Age and Declining Fertility

There is a certain sort of person who will read a post and then, without previous connection, put significant effort into emailing the blogger. This is a little difficult for me to understand these days since I can’t even manage to promptly reply to email from immediate family. I am incredibly impressed with the generosity and kindness of others.

Sure, some of the random emails are freaky, but others are brilliant reminders of the goodness of so many strangers who happen to read my words.

A few of the nicest emails I have gotten have consisted of thoughtful urging to consider having a baby ASAP. Because these people seem so very concerned about me I cannot help but feel a little badly for them for being so worried about me. It does not matter what I am or am not going through or choosing to do, what matters is that they think that I am oblivious to the reality of declining fertility.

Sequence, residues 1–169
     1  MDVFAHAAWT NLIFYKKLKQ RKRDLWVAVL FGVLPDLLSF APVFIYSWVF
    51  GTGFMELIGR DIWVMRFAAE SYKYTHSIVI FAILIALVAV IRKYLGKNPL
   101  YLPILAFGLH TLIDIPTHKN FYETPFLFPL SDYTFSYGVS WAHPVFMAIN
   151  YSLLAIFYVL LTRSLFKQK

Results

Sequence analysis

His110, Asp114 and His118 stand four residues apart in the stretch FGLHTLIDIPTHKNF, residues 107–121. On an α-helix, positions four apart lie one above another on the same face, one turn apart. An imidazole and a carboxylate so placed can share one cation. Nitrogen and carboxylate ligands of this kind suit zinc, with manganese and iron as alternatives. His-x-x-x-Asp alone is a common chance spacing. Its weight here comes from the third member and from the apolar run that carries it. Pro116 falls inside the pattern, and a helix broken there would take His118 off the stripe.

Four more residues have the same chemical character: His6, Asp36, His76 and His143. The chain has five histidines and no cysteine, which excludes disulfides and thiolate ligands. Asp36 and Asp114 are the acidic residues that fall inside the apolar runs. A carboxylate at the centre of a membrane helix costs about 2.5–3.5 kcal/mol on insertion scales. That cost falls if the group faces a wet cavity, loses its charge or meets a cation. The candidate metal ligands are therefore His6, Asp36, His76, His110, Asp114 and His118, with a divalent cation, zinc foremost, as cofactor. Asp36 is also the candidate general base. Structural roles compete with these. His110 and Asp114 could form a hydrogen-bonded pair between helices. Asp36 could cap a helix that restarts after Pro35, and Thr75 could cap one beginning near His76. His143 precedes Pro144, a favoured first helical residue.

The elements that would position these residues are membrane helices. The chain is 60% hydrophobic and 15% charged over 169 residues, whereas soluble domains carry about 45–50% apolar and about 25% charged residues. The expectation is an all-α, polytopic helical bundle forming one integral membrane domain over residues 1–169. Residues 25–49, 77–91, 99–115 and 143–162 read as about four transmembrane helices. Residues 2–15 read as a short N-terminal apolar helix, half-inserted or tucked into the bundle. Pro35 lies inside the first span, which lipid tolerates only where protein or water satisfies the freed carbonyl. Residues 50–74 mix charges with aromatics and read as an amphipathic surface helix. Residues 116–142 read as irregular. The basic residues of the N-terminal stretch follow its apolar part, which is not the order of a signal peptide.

That could not be further from the truth. It isn’t just that I was raised to obsess about this sort of thing, or even that I went to a college where the probability of having to undergo fertility treatments was discussed in economics class. As a woman who practices fertility awareness, I quite literally watch my fertility decline.

People like to talk about fertility issues in terms of a woman’s 30s, but that is not the whole story. While fertility does start to decline much more sharply as a woman approaches her mid-30s, it has been dropping for over a decade, even without extenuating fertility issues.

As a 20-year-old I puzzled over how women could expect to have such low pregnancy rates with only a week or week and a half of abstinence. I knew that fertility would decline, but it just did not seem real how much it could decline so quickly. While a 25-year-old may not have a significantly reduced chance of pregnancy in any given month, she may have to, how shall we say… try a little harder than a 20-year-old.